I owned a 5.7 Tundra, loved it, but mileage was a solid 14mpg highway, 13mpg city, 10mpg towing, 8-9mpg towing into the wind. Who wants to factor in an extra $5k-$10k budget for more fuel nowadays?

          • 0 avatar
            Peter Gazis

            MrIcky

            My numbers could be easily checked on line or on window stickers.

            Your’s depend on someone whose probably filling up on beer to accurately do math.

          • 0 avatar
            MrIcky

            Look at Peter taking it personal- but I just looked up 2018 Ford f150 mileage on the googles and got this: City: 15 – 20 MPG · Highway: 19 – 26 MPG

            It looks like you’re comparing the 2.7 against the Tundra. Ya the Tundra gets worse mileage but it looks like you’re taking the most extreme example.

        • 0 avatar
          Blackcloud_9

          People who HAVE to buy a truck do very much worry about gas mileage. Maybe not the ones who buy and can afford the $70k GMC Sierra Denali Super-Whammo edition (or whatever the next level of trim will be called). But if you’re Average Joe (or Jane) construction worker getting most efficiency out of a truck is very important.

          • 0 avatar
            Lou_BC

            Personal use luxury truck buyers usually don’t care about mpg. Everyone else, yes, they care. The company my brother works for started caring about mpg when fuel prices peaked. A business with 100’s of trucks to run sees the difference between mpg ratings.
            I notice mpg and how my disposable income priorities shift. I’d rather not put the bulk of my disposable income into the gas tank (136L) of my truck. We’ve been hit by a few big snow storms and -25C weather and my mpg plummeted. I usually can easily go 2 weeks on 1/2 tank of fuel but lately have been consuming close to a full 130 litres/2 weeks. After a 50 cm dump of snow and -25C weather my fuel consumption readout was 35 litres/100 km or 6.72 mpg(US gallon).

        • 0 avatar
          Peter Gazis

          The average American puts 13,500 miles per year on their vehicle. At $3 per gallon the Tundra would cost $50 a month more just for gas.

          For an antique, that: can’t carry as much cargo; can’t tow as much; does’t ride as smooth; comes with a crappie entune infotainment system; and won’t last as long as a Silverado(a.k.a. the longest lasting most dependable truck on the road)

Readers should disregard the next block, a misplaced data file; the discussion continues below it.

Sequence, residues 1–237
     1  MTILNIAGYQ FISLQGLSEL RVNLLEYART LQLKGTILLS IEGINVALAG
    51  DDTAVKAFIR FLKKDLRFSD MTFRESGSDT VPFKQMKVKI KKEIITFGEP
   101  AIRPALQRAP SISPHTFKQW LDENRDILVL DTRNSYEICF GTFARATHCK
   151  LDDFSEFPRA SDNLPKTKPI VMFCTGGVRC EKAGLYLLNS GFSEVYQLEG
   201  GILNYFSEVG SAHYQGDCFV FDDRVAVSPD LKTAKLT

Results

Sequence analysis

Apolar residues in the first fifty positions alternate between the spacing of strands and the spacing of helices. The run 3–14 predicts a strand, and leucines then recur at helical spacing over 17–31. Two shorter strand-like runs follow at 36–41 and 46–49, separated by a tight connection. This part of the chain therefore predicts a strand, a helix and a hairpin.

• 0 avatar
      DC Bruce

      That’s the door of my 2015 GMC 1500 SLT with the 6.2 V-8 in the photo. The short answer is that the Tundra, though a reliability champ, has fewer advanced features than the Detroit brands. One example, only this year does the Tundra have a built in trailer brake controller than not only integrates the trailer brakes with the truck’s service brakes, but includes ABS integration as well. The Detroit trucks have had that for at least 5 years. Lots of folks use their pickups to pull trailers. The Toyota’s fuel economy is another point. My truck has 67,000 miles on it. The best 400 mile fuel economy is 24.6 mpg. When I first bought it in Denver (6 months old) and drove it back east, I was getting about 20 mpg at 80 mph and 22 at 65. Pulling my 7600 lb. travel trailer, I get about the same fuel economy as the big 3/4 ton diesels doing the same job.
      My truck has never required service, other than scheduled oil changes; and it’s still quiet as a tomb at 70 mph.

  • avatar
    Firestorm 500

    The guy who wrote this sounds like he writes advertising copy for GMC.

  • avatar
    derekson

    The Denali is a bit heavy on the bling, but the SLT is the best looking full-sized truck of the new cadre to my eyes.

  • avatar
    Sub-600

    Carbon fiber? For what they charge for these things the bed should be made out of platinum. Start/stop, gimmicky bed, overwrought looks. Game, set, match, Ram. “Exciting” engine news forthcoming…a Pontiac motor?

    • 0 avatar
      highdesertcat

      For those who really want one, the time to buy is in Aug/Sep, when the new MY starts coming in. Two of my friends do their serious shopping that way and easily save more than $10K off the MSRP.

      And still drive a brand new truck.

      And that is really all that matters; that new-car smell.

      • 0 avatar
        PrincipalDan

        2019 Should be an interesting model year.

        GM has announced that they’ll be selling the “old” truck along side the “new” truck.

        RAM has announced that they’ll be selling the “old” truck along side the new truck.

        If you want to get a steep discount and don’t care about having the newest tech (like people who actually use a truck for a truck) it will be a great MY for truck buyers.

  • avatar
    Ermel

    “A lightweight, purpose-designed carbon fiber composite that allegedly offers best-in-class dent, scratch, and corrosion resistance” — note how they don’t say anything about splinter, tear, and hole-punching-impact resistance here. But they’ll certainly be happy to sell you a replacement part for a couple of thousand dollars should that occur.

    • 0 avatar
      Adam Tonge

      I talked to reps from the supplier. They are confident that this bed is near indestructible. They wouldn’t talk about the process too much, but they are taking carbon fibers and fusing them into something stronger. They said they’d release more info closer to launch. I’ve asked to have a more in depth conversation with them about it. You can only ask them so much, and they’ll only say so much, during an event like this.